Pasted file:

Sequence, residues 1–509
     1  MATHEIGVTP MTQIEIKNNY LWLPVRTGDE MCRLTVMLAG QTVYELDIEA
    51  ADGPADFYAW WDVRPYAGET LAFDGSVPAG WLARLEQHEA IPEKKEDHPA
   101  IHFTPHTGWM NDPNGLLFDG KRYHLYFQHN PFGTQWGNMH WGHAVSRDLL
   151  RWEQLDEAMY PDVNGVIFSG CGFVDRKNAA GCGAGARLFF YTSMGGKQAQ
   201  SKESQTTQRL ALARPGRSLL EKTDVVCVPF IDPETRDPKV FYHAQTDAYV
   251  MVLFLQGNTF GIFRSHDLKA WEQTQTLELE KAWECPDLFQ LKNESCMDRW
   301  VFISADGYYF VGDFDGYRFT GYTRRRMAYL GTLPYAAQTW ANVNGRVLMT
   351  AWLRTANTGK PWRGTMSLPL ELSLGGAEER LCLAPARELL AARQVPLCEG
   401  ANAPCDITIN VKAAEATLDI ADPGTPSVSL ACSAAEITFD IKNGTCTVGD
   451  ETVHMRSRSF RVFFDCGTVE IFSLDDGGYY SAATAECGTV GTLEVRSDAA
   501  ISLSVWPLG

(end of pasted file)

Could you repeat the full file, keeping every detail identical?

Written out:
Sequence, residues 1–509
     1  MATHEIGVTP MTQIEIKNNY LWLPVRTGDE MCRLTVMLAG QTVYELDIEA
    51  ADGPADFYAW WDVRPYAGET LAFDGSVPAG WLARLEQHEA IPEKKEDHPA
   101  IHFTPHTGWM NDPNGLLFDG KRYHLYFQHN PFGTQWGNMH WGHAVSRDLL
   151  RWEQLDEAMY PDVNGVIFSG CGFVDRKNAA GCGAGARLFF YTSMGGKQAQ
   201  SKESQTTQRL ALARPGRSLL EKTDVVCVPF IDPETRDPKV FYHAQTDAYV
   251  MVLFLQGNTF GIFRSHDLKA WEQTQTLELE KAWECPDLFQ LKNESCMDRW
   301  VFISADGYYF VGDFDGYRFT GYTRRRMAYL GTLPYAAQTW ANVNGRVLMT
   351  AWLRTANTGK PWRGTMSLPL ELSLGGAEER LCLAPARELL AARQVPLCEG
   401  ANAPCDITIN VKAAEATLDI ADPGTPSVSL ACSAAEITFD IKNGTCTVGD
   451  ETVHMRSRSF RVFFDCGTVE IFSLDDGGYY SAATAECGTV GTLEVRSDAA
   501  ISLSVWPLG